I didn’t know then what I know now

So the past few days I haven’t gotten much done – bits and pieces here and there.  What I did manage was to finish a platform for someone else, that might never see the light of day.  Oh, that was exciting.  I didn’t realize when I started some years ago that it would  be as difficult as it turned out to  be, but I was determined – as anyone who knows me knows, when I get determined to do something, I do it.  Even the guy who first contacted me about it warned me “this is intense, you could take a while at it, but yeah it’s something we’d like.”  I remember talking to my husband and we decided why not?

I worked on it for years.  Partly because I had other things to do – writing, housework, being ill, resting, gaming, learning Python, and all the other little things in real life that add up – and partly because yeah, it really was difficult.  I’ve played the game for which I was making this platform, and believe me I’m very familiar with my world that they wanted some of for this, but even so there was a LOT I needed to figure out:

1) what little swatch of my world would this be set in?

2) how to adapt my world to theirs, without the platform losing the character of my place

3) the intense worldbuilding involved – I mean intense.  I thought that I’d micromanaged my writing worlds as it was, but suddenly I had to worry about “what kind of stuff will this or that spell do, what characters would use spells, and which ones, what does this setting look like, etc?”  (lol once I started work on creating actual games of my own, a year or two into this experience, I suddenly saw that yeah, that actually holds true for all games, IF or visual).

4) how to adapt spells to my world, again so that it retains the integrity of the place – this was both frustrating and fascinating.  I’m beyond “not a numbers person”.  I literally had a stroke when I was a kid right around the math center, and that’s healed to some extent over the years, but I’m still not the kind of gamer who likes rolling dice and calculating hits, stats, and so on.  Lol I remember having a horrid time with WoW gear score and just trying to figure out their stats system made me break into a sweat.  But I managed this – probably not perfect, but I did. The intriguing thing is that I was able to take traits from various classes in their game and alter them for mine – so my Prince/Princess has some traits from Bards, for instance, and some from Spellcasters.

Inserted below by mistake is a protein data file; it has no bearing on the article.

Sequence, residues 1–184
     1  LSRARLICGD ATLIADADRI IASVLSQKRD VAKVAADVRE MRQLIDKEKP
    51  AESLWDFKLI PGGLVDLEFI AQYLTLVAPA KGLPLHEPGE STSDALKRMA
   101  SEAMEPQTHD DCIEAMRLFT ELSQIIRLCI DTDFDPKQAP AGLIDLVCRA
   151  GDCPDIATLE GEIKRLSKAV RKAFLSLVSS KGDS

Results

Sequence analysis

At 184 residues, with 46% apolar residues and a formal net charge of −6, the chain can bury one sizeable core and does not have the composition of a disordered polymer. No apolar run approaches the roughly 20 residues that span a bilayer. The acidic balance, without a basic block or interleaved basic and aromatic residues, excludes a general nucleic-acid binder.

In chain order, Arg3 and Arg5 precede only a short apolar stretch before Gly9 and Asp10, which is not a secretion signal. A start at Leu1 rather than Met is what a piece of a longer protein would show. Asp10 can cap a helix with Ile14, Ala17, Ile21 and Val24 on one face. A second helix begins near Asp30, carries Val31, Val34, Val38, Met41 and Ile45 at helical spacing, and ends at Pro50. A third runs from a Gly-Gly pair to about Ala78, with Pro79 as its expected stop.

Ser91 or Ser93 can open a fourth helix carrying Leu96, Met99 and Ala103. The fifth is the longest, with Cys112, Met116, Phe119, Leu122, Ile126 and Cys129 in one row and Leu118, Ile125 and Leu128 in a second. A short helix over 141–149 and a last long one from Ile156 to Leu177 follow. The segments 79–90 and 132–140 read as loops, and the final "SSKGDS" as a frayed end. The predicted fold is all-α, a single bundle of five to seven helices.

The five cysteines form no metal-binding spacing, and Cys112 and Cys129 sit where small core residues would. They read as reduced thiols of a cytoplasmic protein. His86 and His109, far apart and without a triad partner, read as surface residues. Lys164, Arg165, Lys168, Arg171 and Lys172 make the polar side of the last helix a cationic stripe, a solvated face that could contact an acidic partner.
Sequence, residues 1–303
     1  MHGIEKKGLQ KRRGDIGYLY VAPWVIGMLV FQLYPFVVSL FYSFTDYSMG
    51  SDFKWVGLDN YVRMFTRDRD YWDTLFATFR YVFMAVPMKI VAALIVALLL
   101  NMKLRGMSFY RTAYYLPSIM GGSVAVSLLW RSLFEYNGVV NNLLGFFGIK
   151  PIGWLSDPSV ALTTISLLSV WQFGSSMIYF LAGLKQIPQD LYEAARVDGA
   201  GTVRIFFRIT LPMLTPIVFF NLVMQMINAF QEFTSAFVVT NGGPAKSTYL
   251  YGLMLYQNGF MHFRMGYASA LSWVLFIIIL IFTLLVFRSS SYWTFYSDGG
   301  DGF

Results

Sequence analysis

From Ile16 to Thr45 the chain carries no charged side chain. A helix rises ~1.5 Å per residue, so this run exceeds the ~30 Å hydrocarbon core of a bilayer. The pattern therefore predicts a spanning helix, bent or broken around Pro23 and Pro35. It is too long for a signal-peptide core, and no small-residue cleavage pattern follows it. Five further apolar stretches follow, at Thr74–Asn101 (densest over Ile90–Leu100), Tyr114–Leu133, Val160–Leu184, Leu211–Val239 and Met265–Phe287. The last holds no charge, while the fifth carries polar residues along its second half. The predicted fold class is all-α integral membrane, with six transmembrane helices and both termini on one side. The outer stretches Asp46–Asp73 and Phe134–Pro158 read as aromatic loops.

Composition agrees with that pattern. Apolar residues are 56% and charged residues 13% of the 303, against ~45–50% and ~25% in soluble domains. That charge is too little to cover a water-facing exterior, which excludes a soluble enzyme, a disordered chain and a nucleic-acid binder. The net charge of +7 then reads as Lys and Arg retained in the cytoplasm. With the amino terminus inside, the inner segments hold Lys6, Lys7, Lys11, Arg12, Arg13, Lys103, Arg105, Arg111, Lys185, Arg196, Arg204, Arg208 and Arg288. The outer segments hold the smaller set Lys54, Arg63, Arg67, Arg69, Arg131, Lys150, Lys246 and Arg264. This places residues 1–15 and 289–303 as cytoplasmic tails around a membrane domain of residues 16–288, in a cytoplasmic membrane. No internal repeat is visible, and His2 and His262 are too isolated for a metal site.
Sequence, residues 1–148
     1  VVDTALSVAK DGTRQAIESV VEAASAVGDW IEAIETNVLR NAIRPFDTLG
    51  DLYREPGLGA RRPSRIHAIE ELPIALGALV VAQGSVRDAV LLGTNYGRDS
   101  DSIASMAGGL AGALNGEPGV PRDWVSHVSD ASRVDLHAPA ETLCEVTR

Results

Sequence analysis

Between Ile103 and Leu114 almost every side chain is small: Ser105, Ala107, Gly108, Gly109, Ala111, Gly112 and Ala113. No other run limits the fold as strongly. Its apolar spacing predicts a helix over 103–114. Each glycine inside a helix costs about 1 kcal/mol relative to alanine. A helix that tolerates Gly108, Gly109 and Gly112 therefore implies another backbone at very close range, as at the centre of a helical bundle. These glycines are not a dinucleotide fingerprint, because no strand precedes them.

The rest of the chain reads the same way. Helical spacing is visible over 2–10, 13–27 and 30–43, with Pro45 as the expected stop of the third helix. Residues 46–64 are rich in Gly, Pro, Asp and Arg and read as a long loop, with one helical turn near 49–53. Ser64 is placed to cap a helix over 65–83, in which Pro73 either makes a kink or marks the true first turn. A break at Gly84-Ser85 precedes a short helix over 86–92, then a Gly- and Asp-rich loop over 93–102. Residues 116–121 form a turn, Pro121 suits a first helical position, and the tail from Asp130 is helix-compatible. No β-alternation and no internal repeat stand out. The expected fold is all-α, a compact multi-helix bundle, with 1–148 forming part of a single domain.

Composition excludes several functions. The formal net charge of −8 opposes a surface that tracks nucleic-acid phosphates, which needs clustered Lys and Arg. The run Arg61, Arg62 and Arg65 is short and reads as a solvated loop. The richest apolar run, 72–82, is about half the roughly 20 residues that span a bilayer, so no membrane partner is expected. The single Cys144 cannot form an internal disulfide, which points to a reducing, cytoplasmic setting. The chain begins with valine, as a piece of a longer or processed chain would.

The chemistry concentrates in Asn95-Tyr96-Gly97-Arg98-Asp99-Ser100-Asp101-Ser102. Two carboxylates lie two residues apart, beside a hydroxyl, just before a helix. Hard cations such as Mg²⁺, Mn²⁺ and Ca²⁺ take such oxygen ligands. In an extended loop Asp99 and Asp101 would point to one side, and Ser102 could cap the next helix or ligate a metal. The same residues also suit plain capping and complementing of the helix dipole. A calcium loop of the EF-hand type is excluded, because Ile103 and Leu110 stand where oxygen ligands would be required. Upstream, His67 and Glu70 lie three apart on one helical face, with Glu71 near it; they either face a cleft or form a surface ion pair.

5) things like weapons and armor – yeah, for some of my worlds I’d thought on that one a little over time, like Rubikia, for instance, where on the main planet there aren’t weapons but their enemies have various kinds.  However, I didn’t think of those in terms of scoring like you would in a game, I thought of it in terms of writing.

… Yes, I’ve learned all that.  It was a monumental task for someone who never tried that before.  But that was important.  Actually buckling down and doing what I was determined to do got me to think about things, about what I wanted and didn’t want.  After a while, I learned all the things I’ve previously stated here.

But having finished this, I have also learned two more things:

1) This is not the style of game design I’d really choose if I were going to do it – yes, if I get the offer again to do a platform for some other game I’d do it, but it isn’t for me regarding my own design. I am NOT knocking theirs, though; I think their game has an important place in the gaming world. But, “games designed by JA Howe” will have a different format and system.

2) That I CAN do this.  Which is kind of important, since years ago I didn’t have a clue if I could or not.

Well, like I said, years have passed since I started, and unfortunately the team over there is different now.  The original guy I’d talked to seems to be pretty well out of the loop by now, and the new guy was honestly sort of confused when I first contacted him to see what was going on.  First I was sort of stunned by the reaction, then thought about it and I remembered my game design history – I’ve been studying some of that because I figured it’d be useful to know.  It’s happened at ATARI and all the other big companies over the decades:  you get assigned a project, then it gets dropped after awhile because someone decides nah, they don’t really want it.

I don’t know yet whether they actually DO or don’t want this, on the brighter side of things.  But what I’ve learned from actually doing the project in the first place, win or lose, will be invaluable in the long run.

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